25 Jul New Protections for Pregnant and Parenting Students in Texas
Texas just enacted several groundbreaking new laws to protect pregnant and parenting college students at public institutions of higher education! While the protections only cover some aspects of student’s education, we’re celebrating as Texas is now one of just a few states to explicitly protect postsecondary student parents from discrimination. What’s more, beginning this fall semester, Texas student parents will be entitled to priority registration. The state now also requires public higher education institutions to collect and report data, have a campus student parent advocate, and implement pregnant and parenting student anti-discrimination policies.
Read about the highlights of these new laws and how to get help implementing them below:
1. Texas law now bans discrimination against students due to their pregnancy or parental status.
Texas Ed. Code. § 51.982 (SB 412) protects parenting students from: being forced out of school; limiting their studies; attending an alternative program; changing their major, degree, or certificate program; and being forced into or out of any particular course, activity, or program based solely on their parenting status or “issues related to the student’s pregnancy or parenting.” While Title IX (and various anti-discrimination laws) has long prohibited discrimination against pregnant and birthing students, most anti-discrimination laws only protect parenting students from discrimination on the basis of sex or marital status.(Other laws prohibit discrimination against parents in housing only.)The Texas law is pathbreaking because it protects parenting students of children under 18 from discrimination in their academic life regardless of whether the discrimination they face is sex-based or not. And, by including “issues related” to pregnancy and parenting, the law provides broad coverage. The law goes into effect September 1, 2023.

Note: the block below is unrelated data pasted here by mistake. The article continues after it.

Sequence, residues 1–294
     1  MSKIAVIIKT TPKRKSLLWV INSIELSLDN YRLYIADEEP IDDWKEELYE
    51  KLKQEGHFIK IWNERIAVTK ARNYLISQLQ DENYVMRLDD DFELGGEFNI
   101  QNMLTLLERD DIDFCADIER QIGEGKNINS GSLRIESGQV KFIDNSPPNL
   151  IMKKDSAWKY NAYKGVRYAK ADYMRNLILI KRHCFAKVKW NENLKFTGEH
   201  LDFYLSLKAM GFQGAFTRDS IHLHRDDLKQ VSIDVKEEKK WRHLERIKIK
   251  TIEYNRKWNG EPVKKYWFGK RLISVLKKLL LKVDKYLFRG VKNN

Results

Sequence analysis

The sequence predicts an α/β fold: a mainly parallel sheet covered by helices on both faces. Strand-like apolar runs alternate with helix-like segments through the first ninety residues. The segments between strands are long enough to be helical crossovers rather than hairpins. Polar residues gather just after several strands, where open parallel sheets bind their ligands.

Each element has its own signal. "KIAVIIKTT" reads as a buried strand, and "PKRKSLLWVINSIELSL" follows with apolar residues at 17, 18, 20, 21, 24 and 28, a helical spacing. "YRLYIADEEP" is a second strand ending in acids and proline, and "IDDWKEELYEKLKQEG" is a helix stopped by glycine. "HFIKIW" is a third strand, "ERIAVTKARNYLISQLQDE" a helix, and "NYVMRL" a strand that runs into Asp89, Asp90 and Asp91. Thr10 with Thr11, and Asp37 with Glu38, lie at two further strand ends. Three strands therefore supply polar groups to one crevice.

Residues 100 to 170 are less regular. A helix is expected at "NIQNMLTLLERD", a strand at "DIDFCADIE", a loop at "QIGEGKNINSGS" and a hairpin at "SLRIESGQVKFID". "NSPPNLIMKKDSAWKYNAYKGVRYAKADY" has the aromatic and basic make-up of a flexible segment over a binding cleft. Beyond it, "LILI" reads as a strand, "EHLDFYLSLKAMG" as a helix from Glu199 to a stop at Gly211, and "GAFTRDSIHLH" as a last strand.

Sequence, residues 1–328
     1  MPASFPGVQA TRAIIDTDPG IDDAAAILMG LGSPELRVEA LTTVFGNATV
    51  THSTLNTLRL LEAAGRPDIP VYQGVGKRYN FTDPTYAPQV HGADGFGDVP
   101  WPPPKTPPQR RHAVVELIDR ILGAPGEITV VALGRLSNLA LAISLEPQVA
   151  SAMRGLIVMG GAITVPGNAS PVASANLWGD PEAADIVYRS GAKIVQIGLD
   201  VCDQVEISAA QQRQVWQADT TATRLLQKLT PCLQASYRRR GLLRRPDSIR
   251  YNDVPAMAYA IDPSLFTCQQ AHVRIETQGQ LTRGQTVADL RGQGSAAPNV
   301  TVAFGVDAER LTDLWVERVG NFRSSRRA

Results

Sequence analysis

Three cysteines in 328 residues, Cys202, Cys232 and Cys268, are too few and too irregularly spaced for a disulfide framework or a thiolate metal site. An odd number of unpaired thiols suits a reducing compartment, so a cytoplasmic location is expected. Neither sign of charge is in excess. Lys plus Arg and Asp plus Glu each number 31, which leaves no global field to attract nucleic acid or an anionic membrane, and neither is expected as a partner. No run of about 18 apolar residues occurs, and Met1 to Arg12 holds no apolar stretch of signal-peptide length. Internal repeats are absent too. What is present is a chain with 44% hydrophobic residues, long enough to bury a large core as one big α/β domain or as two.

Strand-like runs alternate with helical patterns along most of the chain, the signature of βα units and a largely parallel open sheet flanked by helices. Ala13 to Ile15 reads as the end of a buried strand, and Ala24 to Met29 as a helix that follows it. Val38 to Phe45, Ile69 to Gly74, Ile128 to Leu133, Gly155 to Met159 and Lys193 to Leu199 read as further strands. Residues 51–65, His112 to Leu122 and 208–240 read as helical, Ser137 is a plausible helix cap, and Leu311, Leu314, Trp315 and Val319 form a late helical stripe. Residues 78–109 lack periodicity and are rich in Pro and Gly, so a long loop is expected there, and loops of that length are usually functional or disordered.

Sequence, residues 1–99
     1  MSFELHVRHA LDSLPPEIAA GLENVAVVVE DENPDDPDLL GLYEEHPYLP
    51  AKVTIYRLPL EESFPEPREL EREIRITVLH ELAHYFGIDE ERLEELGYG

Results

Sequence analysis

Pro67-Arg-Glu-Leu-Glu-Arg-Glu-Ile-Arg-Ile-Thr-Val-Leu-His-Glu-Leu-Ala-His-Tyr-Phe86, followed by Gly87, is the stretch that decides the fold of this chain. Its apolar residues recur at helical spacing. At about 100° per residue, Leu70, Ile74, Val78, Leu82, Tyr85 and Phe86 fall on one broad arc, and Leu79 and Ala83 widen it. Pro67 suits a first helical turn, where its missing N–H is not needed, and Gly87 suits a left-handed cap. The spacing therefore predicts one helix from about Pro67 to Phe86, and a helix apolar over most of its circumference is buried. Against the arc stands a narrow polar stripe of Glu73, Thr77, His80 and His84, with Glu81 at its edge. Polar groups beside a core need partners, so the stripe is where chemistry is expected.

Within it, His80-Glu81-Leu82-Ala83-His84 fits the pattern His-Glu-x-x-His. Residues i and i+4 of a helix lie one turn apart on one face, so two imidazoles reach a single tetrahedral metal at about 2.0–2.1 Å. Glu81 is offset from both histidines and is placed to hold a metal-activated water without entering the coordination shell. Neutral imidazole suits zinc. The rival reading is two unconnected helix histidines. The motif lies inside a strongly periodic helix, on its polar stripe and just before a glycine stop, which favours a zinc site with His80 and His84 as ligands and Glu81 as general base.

2. Pregnant or parenting students will be entitled to take a leave of absence.
Texas Ed. Code. § 51.982 (SB 412) allows pregnant and parenting students to take a leave of absence and return in good standing without being required to reapply for admission. Under Title IX, students are entitled to leave for as long as medically necessary for pregnancy, childbirth, and related conditions—but not for parenting. Texas law goes beyond Title IX by requiring institutions to provide their parenting college students with protected leave, though it does not specify how long students are allowed to take. The Texas Higher Education Coordinating Board has been tasked with establishing rules on leave length. The Pregnant Scholar will update this post and share additional information from the Board as soon as it becomes available.
3. Parenting students in Texas are now entitled to priority registration.
Starting September 1, 2023, any public postsecondary institution which provides early registration has to offer it to parenting students because of Texas Ed. Code § 51.983 (SB459). Under this law, students who are a parent or legal guardian of a child under 18 are entitled to register early! Learn more about why this is so important in our blog about CA’s priority registration law, here.
4. Reasonable accommodations for pregnancy, childbirth, and related medical conditions must be provided.